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Generation X #5 Review

Comic Books

Generation X #5 Review

I don’t think anyone asked for an Eye Boy issue, but at least it’s funny.

Last issue saw the mysterious return of both the series’ most iconic villain as well as one of its founding members, in an encounter the Generation X team barely survived. This month? It’s an Eye-boy one-off. Yep, hold onto your butts.

In my review of issue 3, I claimed that the modus operandi for the new Generation X series would be “Interesting characters in relatively mundane situations (for the lifestyle they find themselves in at least) learning to find their place in the world.” That’s precisely what we get in issue 5…it just happens to be with the two worst characters in the series. Yep, issue 5 is a focussed one shot of Eye Boy and Nature Girl as they fend off an attack from the Rat King. No, not the awesome Rat King who used to fight the Ninja Turtles, just some douchebag with a magic flute.

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Generation X #5 Review

Fairly certain he had a few of these eyes cut out by the X-Cutioner in X-Men Gold, but that book is trash so let’s not consider it canon.

The interesting development of the issue is the growth in Eye Boy’s powers. Though his powers up until now have consisted of “has a lot of eyes,” it looks like Trevor’s growing up. While participating in a simple surveillance exercise Trev pushes himself to new heights and gains the ability to see through people’s clothes, even catching sight of a thigh tattoo of The Smiths’ lyrics on Chamber’s thigh (I’m assuming it’s from “How Soon is Now?” Jono seems like a fan of The Craft). That’s not all, though, as his powers keep going deeper and deeper, allowing him to see people’s skeletons (why does Rockslide have a skeleton? He’s a sentient energy being in a rock monster body?), their body heat (ala the Predator), and (somehow) whether or not a living thing is being mentally controlled. It harkens back to that one issue in Wolverine and the X-Men where we got to see Eye Boy turn into Eye Man and actually be a competent hero. I mean, he’s still a nerd at this point, but he’s developing.

This ability lets him spy a raccoon stealing Rockslide’s wallet and what unfolds is a web of deceit and indentured servitude wherein the villainous Rat King (again, not the cool one) has been hypnotizing small animals to steal crap for him. Yes really. At one point, Trevor even breaks into the rousing freedom speech from Braveheart to get the woodland creatures on his side. Obviously, this is all facilitated by the participation of Nature Girl, who really doesn’t get much in the way of development short of her willingness to keep Trevor’s viewing of Chamber’s meat and two veg a secret.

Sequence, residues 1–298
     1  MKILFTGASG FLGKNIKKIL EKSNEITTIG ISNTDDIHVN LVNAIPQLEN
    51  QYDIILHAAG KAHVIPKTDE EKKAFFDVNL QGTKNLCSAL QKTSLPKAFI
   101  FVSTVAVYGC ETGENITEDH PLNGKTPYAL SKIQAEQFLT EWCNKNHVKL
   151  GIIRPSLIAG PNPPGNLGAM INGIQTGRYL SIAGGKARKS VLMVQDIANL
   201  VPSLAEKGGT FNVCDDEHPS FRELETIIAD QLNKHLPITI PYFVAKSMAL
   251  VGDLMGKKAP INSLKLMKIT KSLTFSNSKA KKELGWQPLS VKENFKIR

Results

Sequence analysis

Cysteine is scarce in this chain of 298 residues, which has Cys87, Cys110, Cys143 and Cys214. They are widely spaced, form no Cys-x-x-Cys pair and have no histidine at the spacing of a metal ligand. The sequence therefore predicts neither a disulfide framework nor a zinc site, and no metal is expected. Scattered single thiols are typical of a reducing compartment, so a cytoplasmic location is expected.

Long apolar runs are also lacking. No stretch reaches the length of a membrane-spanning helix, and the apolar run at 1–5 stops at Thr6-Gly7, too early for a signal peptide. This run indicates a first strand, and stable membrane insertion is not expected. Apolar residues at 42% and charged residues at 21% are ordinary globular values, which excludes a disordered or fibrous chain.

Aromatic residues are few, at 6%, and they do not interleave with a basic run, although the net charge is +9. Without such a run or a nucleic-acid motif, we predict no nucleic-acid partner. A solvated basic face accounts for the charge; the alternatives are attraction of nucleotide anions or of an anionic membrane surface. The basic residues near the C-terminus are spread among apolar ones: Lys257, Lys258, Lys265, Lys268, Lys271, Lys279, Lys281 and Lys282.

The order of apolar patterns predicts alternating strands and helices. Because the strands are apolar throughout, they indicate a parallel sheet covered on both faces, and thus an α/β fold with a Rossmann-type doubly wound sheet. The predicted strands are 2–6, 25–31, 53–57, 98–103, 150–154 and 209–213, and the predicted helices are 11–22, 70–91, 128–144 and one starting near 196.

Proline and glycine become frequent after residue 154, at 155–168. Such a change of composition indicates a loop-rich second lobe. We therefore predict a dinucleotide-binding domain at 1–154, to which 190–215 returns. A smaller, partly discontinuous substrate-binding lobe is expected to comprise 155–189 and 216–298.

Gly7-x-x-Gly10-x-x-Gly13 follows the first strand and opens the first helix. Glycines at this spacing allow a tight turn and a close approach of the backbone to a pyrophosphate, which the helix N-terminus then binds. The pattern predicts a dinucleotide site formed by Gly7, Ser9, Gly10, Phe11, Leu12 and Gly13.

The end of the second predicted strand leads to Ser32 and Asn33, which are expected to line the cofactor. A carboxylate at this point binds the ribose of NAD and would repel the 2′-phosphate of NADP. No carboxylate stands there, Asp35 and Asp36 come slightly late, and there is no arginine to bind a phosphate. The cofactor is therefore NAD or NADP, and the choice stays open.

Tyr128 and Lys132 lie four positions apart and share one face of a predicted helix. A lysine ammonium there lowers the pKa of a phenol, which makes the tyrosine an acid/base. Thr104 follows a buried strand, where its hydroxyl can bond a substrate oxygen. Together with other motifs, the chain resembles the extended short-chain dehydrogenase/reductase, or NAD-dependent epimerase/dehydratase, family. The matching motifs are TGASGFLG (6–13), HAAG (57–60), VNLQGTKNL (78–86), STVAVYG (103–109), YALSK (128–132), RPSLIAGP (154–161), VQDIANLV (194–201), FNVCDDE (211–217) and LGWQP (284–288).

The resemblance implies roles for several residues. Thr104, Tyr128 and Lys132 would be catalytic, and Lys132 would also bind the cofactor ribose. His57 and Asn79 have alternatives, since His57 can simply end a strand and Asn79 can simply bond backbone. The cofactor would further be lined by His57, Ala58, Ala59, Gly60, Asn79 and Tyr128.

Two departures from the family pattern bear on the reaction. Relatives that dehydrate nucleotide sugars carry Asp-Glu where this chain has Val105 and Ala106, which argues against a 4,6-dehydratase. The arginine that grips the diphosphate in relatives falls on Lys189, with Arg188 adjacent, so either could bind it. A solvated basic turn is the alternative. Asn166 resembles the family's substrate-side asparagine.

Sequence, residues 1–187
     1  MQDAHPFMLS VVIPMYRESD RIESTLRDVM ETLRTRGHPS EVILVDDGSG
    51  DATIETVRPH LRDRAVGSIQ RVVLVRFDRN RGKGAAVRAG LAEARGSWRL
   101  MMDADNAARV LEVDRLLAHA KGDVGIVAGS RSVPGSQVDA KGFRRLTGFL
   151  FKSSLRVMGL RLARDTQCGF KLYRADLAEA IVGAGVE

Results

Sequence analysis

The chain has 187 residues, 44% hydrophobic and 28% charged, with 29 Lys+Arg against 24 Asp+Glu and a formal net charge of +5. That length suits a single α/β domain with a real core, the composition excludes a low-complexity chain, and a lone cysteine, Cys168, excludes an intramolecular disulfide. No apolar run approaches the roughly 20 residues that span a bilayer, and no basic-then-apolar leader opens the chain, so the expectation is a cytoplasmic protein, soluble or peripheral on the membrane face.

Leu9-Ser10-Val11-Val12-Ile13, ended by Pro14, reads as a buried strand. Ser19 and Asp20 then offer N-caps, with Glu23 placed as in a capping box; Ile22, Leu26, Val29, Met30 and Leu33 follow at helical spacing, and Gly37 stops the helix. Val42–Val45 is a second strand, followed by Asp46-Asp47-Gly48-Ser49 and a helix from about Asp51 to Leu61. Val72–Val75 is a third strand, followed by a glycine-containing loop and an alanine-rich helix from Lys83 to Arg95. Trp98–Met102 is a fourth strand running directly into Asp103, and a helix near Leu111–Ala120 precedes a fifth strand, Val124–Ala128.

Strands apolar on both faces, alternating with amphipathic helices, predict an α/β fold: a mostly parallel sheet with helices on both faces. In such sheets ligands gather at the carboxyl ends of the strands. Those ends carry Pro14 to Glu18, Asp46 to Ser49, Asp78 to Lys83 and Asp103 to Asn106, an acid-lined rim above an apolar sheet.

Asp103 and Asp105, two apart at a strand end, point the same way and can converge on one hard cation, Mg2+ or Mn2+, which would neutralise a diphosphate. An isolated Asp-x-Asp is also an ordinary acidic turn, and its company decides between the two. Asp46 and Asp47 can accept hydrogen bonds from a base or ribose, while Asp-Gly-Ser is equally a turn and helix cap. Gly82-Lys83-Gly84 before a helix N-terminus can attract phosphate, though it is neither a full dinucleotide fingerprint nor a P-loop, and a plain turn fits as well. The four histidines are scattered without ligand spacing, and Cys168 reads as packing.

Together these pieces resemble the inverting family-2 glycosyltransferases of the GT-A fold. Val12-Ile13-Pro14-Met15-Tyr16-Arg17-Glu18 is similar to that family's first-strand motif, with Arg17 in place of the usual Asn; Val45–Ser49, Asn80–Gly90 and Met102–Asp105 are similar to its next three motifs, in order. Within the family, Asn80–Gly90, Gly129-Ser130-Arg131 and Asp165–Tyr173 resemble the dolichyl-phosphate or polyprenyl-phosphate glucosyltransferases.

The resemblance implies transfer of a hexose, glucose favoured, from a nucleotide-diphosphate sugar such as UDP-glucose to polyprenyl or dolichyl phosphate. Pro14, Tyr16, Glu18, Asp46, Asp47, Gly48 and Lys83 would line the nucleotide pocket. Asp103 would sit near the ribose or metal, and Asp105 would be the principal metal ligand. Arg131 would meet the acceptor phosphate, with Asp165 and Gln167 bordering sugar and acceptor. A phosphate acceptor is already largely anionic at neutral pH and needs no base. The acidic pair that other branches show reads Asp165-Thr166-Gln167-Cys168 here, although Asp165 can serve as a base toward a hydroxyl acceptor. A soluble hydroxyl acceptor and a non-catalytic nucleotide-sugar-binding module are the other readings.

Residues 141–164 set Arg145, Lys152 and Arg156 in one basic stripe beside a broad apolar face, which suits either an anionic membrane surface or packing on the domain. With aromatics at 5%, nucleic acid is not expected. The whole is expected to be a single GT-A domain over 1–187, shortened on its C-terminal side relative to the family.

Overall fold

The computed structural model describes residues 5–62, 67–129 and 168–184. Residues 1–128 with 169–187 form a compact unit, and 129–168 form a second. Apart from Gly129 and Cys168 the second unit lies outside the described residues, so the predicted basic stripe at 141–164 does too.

The two make quick work of the Rat King and…that’s kind of it. There’s not a lot to go on here. Strain does a decent job of making Eye Boy more likable in this issue, as he believably comes off as a dweeby outsider on a team of more active and attractive outsiders. If there’s a fault here (besides Santo for some reason refusing to believe that the kid with literally 50 eyes may have seen a raccoon take his wallet) it’s the missed attempt to humanize Nature Girl; I get that she’s meant to be like that super vegan friend who is more into her causes than her contemporaries, but there’s a reason most of us avoid these people, and it’s not because they don’t eat bacon (mostly). This could be the chance to give her a more endearing quality than “really likes animals,” but she remains a one-note joke instead. It doesn’t sink the book or anything, it’s just a missed opportunity.

This is a quick issue, but not a bad one. There are a few choice jokes peppered in there, and I rather prefer the art stylings of Alberto Jimenez Alburquerque to series regular Amilcar Pinna. It’s still not ideal, admittedly, but given that the issue is more whimsical in tone that previous outings, Alburquerque’s cartoonish pencils work well with the subject matter. I particularly like that Eye Boy manages to take out the Rat King (STILL not the cool one, stop asking!) by pelting him in the face with a rat. It’s the simple pleasures.

Generation X #5 Review
Generation X #5 Review
Is it good?
As a standalone issue, this is an okay outing. It gives Eye Boy more shine but leaves Nature Girl in the doldrums. Looking forward to the storyline coming back into play.
The Good
Solid humor and fun throughout the issue.
The artwork is a step up from Pinna's stylized pencils.
The Bad
I'm just not a fan of nature girl, and this didn't change that.

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